Bluewater’s Math Doesn’t Add Up; The Real Costs of Making Comics

Bluewater Productions managed to get another newspaper article praising them, in spite of their dodgy business practices. This relatively local coverage praises the company’s “recent decision to dive headfirst into the not fully realized world of digital distribution and print-on-demand” (without revealing that the decision might have been forced on them by having too many of their distribution orders cancelled for not selling enough).

Darren Davis, owner of Bluewater

Darren Davis, owner of Bluewater

The article also points out that “prevalent Internet-based smears against Bluewater needle [company owner Darren] Davis” to the extent of driving him into therapy. Well, consider this another one. Mainly because I can’t make the company’s math add up. In the article, we learn that

  • The company “releases about 10 titles a month”.
  • “Bluewater reports its yearly income now generally gravitates around $2 million.”
  • “Davis estimates he sells between 5,000 and 10,000 copies of his popular titles, but others have failed to take hold, selling only hundreds.”

So let’s make some assumptions and do some figuring. 10 titles a month is 120 a year. Let’s assume that half of those are successful. We’ll assign a successful comic an average 7,500 in sales, and an unsuccessful one 1,000. So at a guess, he sells (60*1000)+(60*7500) = 510,000 individual issues in a year. You’re already seeing where I’m going with this, right? To make two million dollars off of 510,000 in sales, you’d have to nettake in almost $4 an issue ($3.92, to be more accurate) — on comics that are cover-priced at $4. You can’t make $4 profitdon’t get $4 on an item that sells for $4, unless you have absolutely no costs for distribution or sales. , but a comic, even a digitally distributed one, needs payments to writers, artists, web space and credit card processing… A print book priced at $4 doesn’t mean the publisher gets that entire $4 — their distributors and retailers take a cut, as you can see in detail from Jim Zub’s writeup linked below. By going digital, Bluewater may have eliminated all of those costs, but they’ve also eliminated those sources of advertising and ways of getting product to customers.

Update: It has been pointed out I confused income and profit above. The paragraph above has been adjusted to show that the numbers are still problematic.

Now, I’m ignoring sales of the fatter one-shots, which before going digital-only were priced at $8, and all of their graphic novels. Those are more likely to get into bookstores, but they’re also more likely to be returnable, so making fair assumptions to do the math on those is beyond me. Really, this is just an excuse to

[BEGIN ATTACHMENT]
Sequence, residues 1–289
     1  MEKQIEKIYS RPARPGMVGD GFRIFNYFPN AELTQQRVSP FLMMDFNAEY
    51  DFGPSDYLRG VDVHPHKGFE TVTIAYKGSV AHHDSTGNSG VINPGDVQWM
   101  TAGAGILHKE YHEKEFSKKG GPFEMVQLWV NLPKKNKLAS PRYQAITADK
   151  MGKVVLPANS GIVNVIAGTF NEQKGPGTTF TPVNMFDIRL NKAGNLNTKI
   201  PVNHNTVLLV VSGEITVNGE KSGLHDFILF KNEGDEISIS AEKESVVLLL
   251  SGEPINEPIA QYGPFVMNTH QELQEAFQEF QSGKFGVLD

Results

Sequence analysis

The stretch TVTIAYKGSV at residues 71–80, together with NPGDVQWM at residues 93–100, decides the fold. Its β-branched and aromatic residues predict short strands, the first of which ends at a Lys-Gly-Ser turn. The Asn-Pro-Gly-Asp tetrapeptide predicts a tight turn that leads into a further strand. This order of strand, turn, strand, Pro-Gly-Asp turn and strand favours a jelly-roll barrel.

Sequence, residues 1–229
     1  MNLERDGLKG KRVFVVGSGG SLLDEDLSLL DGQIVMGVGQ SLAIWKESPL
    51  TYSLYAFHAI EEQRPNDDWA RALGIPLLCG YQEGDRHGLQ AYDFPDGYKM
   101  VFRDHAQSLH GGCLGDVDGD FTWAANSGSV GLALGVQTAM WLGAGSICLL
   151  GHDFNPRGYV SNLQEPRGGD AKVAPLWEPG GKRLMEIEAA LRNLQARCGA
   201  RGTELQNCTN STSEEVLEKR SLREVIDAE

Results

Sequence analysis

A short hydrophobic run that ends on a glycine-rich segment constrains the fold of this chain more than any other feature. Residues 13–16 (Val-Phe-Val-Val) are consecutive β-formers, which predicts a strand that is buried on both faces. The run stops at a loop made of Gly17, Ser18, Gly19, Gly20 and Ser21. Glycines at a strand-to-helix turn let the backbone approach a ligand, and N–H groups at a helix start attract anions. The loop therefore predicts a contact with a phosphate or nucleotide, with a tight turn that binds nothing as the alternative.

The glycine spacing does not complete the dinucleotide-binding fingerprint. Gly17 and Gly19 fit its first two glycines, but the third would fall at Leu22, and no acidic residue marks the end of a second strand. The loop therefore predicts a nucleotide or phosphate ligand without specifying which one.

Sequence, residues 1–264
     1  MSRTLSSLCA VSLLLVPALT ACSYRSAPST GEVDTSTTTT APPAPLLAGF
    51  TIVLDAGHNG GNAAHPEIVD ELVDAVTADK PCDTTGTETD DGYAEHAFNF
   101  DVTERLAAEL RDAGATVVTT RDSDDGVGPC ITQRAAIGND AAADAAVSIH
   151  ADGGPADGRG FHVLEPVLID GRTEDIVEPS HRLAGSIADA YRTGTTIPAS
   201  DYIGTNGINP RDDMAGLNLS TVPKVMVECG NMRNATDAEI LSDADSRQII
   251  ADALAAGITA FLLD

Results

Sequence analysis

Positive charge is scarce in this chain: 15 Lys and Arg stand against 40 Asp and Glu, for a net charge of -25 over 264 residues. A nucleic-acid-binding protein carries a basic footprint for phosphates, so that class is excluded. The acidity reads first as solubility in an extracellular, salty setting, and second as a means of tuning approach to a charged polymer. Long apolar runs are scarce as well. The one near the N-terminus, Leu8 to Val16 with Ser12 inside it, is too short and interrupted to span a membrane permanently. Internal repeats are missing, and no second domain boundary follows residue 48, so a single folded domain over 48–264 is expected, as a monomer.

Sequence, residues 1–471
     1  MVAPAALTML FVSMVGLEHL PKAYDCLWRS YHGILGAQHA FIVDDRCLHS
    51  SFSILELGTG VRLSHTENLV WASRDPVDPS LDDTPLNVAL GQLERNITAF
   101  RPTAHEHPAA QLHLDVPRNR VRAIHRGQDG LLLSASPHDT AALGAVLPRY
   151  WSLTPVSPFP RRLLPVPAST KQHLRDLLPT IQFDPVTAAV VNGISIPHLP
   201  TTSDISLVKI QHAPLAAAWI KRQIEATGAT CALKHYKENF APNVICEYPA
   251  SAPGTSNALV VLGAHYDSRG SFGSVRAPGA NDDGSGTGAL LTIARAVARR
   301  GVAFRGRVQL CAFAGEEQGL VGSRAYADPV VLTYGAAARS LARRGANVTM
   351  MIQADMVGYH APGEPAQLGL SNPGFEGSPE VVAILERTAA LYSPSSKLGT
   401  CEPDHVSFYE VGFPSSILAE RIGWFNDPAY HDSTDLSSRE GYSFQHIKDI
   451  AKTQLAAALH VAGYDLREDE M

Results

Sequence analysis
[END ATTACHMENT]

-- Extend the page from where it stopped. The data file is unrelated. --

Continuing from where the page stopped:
1. Remind the reader to take newspaper articles like this with a very large grain of salt and

2. To link to this informative economic breakdown by Jim Zub, which more accurately lays out how little a creative team makes on a creator-owned comic.

(In the article, Davis also blames the hatred of his company on superhero bias. “If you take anything out of the superheroes and tights people have a problem calling it a comic book.” Yeah, that’s exactly why I criticize them — I can’t conceive of a comic without superheroes.)

17 Responses to “Bluewater’s Math Doesn’t Add Up; The Real Costs of Making Comics”

  1. Darren Davis Says:

    Hey Johanna –

    I offered to give you an interview – but you turned us down. You said there was “no air to clear” so clearly you are biased.

    You are one of the people who “spreads rumors” in articles…and clearly do not fact check. I miss the day of real journalism.

    Darren Davis

  2. Darren Davis Says:

    Also note that images that are run in a newspaper are copywritten – if you were a real journalist you would note – not to steal images without their approval. So you are doing the same thing you “claim” us to be doing…..nice.

  3. Johanna Says:

    It’s called “fair use”, which allows quotation of part of a work for purpose of commentary. Not at all comparable to refusing to pay people working for you to create these million-dollar publications.

    Yes, I’m biased — in favor of accurate reporting and ethical business dealings. If you don’t do those things, I write about it.

    By the way, “real” journalism is on life support because not enough publishers are willing to pay fair compensation for the work these days. Sound familiar?

  4. Darren Davis Says:

    Really it is not, I called an double checked with the photographer – small town.

    You are really nothing but a bully who does not take the time to fact check. I did reach out to you but you are so biased and not interested in the real facts. I am honest about my feelings getting hurt about sites like this…It is only because they are based off of false accusations and not the truth. I am pretty much an open book and own my mistakes. This time I am just sick of you attacking me personally for something “you think is the truth”. I heard nice things about you which is why I reached out to you before – but I am done and feel free to continue making up crap without checking facts….

  5. Johanna Says:

    My article is based on three of your quotes from the newspaper, basic math, and labeled assumptions. Are you saying that your quotes aren’t factual, or do you disagree with the way arithmetic works? Would you care to provide more specific sales figures, if my assumptions are that far off? I’m sure it makes you feel better to call me names instead of addressing the points, but we’ve done this dance too many times before.

  6. Ed Gross Says:

    I just wanted to chime in with the fact I’ve worked with Darren quite a bit and have had nothing but a positive experience. I certainly haven’t felt ripped off in any way.

  7. Bluewater Productions, BS, and real numbers for creator owned revenue The Daily Cartoonist Says: